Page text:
Executives often have deep differences of opinion over the best strategy for the company. These conflicts cripple a business as multiple strategies are being simultaneously implemented causing confusion, waste of resources and decrease of motivation. Identifying and addressing the root causes of conflicts will lead to better decisions.
Below are some examples of types of conflicts that lead to poor strategic thinking and their solutions.
Some types of people simply don’t get along with other types of people. Having two extremely competitive people together in the same room may make for great fun or it may cause a winner-take-all attitude.
When personality differences hurt the ability of the team to reach a decision and move forward, focus on strengths. Regularly remind those at the able of each other’s strengths and how these strengths complement the others. Invite everyone to suggest a method of handling personality differences and implement the best strategy.
Unclear decision-making process
Organizations that have opaque decision-making processes are likely to spark conflict and breed mistrust. To employees decisions lack consistency and direction. When the perception is that decisions are made because of personal favor instead of tactical or strategic necessity, employees can be left feeling in the dark and ignored.
For all levels of management, create a standard decision-making process in which there are clear opportunities for those involved to share their opinion. Design a process that generates and weighs options and measures ways forward against a well-defined metric that aligns with the stated strategy of the company.
Pair the decision to clear benchmarks to evaluate progress.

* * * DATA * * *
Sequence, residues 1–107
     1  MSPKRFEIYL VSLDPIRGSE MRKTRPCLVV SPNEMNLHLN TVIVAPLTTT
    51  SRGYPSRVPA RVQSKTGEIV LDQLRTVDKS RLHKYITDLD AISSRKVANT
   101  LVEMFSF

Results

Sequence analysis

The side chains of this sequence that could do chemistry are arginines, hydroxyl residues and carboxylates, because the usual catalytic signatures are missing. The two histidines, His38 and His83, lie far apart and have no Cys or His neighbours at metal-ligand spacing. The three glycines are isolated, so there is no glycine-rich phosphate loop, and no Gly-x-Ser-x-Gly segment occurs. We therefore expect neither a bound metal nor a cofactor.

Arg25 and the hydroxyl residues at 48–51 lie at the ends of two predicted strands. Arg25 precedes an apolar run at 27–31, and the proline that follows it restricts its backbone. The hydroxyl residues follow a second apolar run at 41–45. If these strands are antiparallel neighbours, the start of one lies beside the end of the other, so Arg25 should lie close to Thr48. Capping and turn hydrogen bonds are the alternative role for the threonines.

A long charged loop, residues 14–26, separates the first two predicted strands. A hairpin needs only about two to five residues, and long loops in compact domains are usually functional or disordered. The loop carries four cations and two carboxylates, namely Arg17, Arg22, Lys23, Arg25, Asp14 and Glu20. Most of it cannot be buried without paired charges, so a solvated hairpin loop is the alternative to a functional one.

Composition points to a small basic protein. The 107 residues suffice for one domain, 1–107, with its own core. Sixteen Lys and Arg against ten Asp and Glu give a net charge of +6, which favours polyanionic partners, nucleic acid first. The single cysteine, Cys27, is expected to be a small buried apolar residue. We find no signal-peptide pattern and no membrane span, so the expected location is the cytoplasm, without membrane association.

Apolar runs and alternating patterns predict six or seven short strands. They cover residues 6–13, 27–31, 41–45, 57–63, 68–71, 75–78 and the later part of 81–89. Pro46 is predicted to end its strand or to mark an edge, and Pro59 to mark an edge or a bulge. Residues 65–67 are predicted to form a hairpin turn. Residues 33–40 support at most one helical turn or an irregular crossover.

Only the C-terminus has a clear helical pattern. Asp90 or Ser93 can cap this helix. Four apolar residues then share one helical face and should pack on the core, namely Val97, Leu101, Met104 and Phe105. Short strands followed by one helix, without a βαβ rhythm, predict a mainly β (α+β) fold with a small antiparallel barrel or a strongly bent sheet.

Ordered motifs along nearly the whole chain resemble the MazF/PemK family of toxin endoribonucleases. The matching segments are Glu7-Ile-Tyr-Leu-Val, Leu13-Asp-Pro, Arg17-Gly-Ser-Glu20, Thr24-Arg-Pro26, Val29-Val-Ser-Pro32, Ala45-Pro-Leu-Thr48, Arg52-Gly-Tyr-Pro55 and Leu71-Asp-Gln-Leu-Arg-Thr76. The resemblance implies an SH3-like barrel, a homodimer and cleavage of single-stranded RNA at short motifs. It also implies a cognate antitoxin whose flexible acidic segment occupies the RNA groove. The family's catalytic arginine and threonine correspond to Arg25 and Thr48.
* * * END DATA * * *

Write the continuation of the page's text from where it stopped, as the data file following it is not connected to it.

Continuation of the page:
People may not like the decision but they can respect the process that reached it. When there is no well identified and understood process, there is no respect.
Lack of processing of competitive intelligence
Businesses rely on market signals, customer signals and general trends to create and adapt their strategies. Often businesses don’t have a comprehensive approach to collecting, analyzing and acting on competitive intelligence. When colleagues aren’t using the same methodology to gather, process and implement information, clashes of opinions can result.
Focus on creating a companywide method of incorporating competitive intelligence in all decision-making.
Lack of implementation mechanism
After executives have had a transparent discussion that includes relevant market information, have consulted with their colleagues at appropriate levels of the organization and a decision has been reached, there needs to be a clear structure to carry out the decision.
Sometimes decisions fall between the cracks of two or more departments. Other times the strategy selected requires a different operational approach or mechanism than what the company already has. This type of conflict occurs because those who made the decision assume that there is a means to implement it when it is not the case. The conflict is between the reality of the company’s operational abilities and the expectations of senior management.
To resolve this kind of conflict strategic discussions need to include those who would be directly implementing the decision.
The bottom line
When there are processes in place to encourage constructive communication much more time, more effort and energy is spent examining the data and discussing ways forward than putting out fires. To ensure that senior management doesn’t get bogged down by conflicts, clear and consistent decision-making processes at all levels of the organization are necessary.
For over 10 years, Renée Gendron has been a student of the economy and larger economic trends and the challenges they pose to leaders and entrepreneurs. Gendron works with professional associations, businesses, entrepreneurs and social entrepreneurs to help them hone their conflict resolution and leadership skills. She welcomes feedback and can be reached at the following: firstname.lastname@example.org; VitaeDynamics.com; @vitaedynamics; the Vitae-Dynamics Facebook page and G+ under Renée Gendron.
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